Category Archives: Writing

Rewriting and Rewriting and Rewriting and…


I thought Bacchus and Sanderson (Deceased) was complete, finished, dealt with, ready to go. It had been edited, typo’s removed (hopefully), grammar checked and now pretty good. So good to send to agents and see if there is any interest or whether I am going to be Indie man. I’m happy either way to be honest and the fact that I have commissioned a cover design perhaps adds credence to the inevitability of following the independent publishing route.

I had found three agents who handle the type of book I have written. Checked there submission criteria, the main one seems to be, spell their names correctly…So I decided a quick reread through the first three chapters to double check for typo’s would be a good idea. Oh shit, I can’t send this out it’s awful, really awful. After the nausea had subsided and I’d stopped hyperventilating, I accepted a little light polishing would be useful and began the buffing. Two day’s and five attempts to improve the first three chapters later, it was better, much better. Tighter, more tension, atmospheric. Excellent.

I began working on the synopsis and covering letter. I’ll come back to those in my next post. Synopsis and letter complete, I’ll read through everything I’m sending and then email it to the agents I’d chosen. Oh shit. Not quite as shocking, but had I thought this was good? This process was in danger of repeating itself for weeks, possibly months.

I’m think I’m suffering from a common writing ailment, obsessive rewriting syndrome. The symptoms are, an inability to see if a piece is good or really does need more work and a reluctance to let go. The reluctance to let go is the hardest to deal with, as will be the inevitable rejection, humiliation, penury, followed by self loathing and…okay, wait a moment. Now I have identified the disease the cure would be self apparent. Never ever send anything to anyone, no that was the alter ego speaking.

If you believe it’s as good as it can be, send it, post it, publish it, get it out there. With feedback comes insight. You never know someone may like it.

Have a look at my Facebook page, Worried of Woolcombe and if you’re in the mood, give me a like. I’m happy to reciprocate.

Is plotting okay?


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I ask this question because of Stephen King. Let me explain. I have been listening to his book – On Writing – which is amazing and he is vehemently anti-plotting and advocates a free thinking, stream of consciousness approach.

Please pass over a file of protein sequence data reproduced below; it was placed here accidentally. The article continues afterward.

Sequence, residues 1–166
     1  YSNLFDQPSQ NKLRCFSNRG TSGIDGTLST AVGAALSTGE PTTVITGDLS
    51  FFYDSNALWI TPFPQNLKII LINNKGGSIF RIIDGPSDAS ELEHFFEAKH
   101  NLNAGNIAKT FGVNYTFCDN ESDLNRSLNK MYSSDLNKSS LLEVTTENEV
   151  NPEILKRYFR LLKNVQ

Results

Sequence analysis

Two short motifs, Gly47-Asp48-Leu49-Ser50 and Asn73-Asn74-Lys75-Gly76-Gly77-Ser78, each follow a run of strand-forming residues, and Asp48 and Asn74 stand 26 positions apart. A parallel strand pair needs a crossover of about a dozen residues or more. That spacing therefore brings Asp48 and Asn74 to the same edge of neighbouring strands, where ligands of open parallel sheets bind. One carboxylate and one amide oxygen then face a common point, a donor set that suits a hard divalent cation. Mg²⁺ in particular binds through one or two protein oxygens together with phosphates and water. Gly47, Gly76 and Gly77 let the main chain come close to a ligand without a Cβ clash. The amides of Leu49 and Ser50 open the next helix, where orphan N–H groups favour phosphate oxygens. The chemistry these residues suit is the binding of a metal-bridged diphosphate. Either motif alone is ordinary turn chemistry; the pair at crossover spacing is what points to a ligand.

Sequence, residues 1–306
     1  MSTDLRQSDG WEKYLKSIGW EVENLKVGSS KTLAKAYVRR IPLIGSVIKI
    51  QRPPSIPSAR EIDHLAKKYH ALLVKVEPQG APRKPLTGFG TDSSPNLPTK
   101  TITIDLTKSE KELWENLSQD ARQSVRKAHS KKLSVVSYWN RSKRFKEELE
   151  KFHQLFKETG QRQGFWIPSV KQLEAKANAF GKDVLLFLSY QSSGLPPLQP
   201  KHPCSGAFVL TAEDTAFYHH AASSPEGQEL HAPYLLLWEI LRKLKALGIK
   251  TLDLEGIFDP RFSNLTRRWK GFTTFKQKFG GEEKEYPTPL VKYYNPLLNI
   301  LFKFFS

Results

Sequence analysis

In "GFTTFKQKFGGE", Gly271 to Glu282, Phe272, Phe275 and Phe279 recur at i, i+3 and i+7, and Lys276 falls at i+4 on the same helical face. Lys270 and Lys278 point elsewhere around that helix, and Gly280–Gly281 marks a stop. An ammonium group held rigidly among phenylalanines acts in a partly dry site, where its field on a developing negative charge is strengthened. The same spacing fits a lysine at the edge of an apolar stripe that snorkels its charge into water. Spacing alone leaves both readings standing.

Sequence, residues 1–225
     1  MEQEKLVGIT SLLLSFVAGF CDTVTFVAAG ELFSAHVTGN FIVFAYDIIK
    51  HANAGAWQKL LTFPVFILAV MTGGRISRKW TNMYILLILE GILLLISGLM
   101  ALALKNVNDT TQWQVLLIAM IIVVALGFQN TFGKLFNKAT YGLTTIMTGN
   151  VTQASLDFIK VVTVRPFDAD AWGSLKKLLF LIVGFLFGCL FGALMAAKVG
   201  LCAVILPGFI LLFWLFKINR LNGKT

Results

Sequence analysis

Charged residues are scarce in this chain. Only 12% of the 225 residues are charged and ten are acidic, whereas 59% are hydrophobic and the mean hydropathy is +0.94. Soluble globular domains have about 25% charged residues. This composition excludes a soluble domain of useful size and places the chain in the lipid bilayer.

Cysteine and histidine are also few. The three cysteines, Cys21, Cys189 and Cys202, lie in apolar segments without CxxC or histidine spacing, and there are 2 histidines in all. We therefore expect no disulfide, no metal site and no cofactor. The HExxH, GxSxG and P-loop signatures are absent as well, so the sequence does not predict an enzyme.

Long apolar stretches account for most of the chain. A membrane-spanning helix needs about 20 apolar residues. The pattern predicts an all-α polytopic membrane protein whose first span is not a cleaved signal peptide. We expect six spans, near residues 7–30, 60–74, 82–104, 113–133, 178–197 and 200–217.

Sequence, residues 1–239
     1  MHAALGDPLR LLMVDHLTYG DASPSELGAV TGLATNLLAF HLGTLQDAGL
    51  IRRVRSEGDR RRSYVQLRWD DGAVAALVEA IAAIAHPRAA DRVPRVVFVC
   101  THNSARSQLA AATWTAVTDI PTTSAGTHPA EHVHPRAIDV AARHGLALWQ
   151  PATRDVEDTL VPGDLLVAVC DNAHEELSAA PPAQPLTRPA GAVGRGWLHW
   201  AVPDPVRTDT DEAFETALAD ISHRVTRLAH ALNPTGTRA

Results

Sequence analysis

I have and would continue to struggle with that. I like the structure that is offered by a planned plot line. I know where I am, I can see how the plot will advance and how my main characters are interacting with each other. I know I have covered all of my bases and not let a  character or sub plot slide off to one side and disappear, unconnected to it’s encouraging introduction. Is this wrong?

Should I feel intellectually inadequate because I prefer to have what some view as an a cheat sheet to see me to the end of my novel?

I have thought about this a lot and come to the obvious conclusion. Of course not. In my view plotting a novel doesn’t suppress spontaneity, it helps you focus on the nuts and bolts leaving your sub-concious the time to work on the twists and turns. An outline is a roadmap or perhaps even a shopping list. It allows you to see the routes from beginning to end and not lose sight of subplots and minor characters.

Will I continue to write in this way? Yes. Should I join the free thinking seat of my pants writing? May be one day when I have the confidence and trust in my ability to venture away from what I know and am familiar with.

Beyond fitbit and Fast Diet


From Wikipedia. Photograph by George Stepanek
From Wikipedia. Photograph by George Stepanek

This post is by way of an update on my experiment with The Fast Diet and a fitbit  exercise tracker.

Fitbit first. I love it. The determination to get all of the lights lit up isn’t quite as obsessive as it was, but I still value it as a way of showing myself that I haven’t just sat and eaten. According to the fitbit I must have moved as well as eaten…

The Fast Diet isn’t such a success story. I struggled to organise myself sufficiently to do fast days. By that I mean, I would happily come down in the morning, eat breakfast and then realise that I was supposed to be fasting. So fasting would be postponed until the next day. The following day we would repeat the eating breakfast mistake, this time because it wasn’t my usual fast day and the cycle would be repeated. I actually went weeks threatening to have a fast day, but being too disorganise and dim to actually achieve it.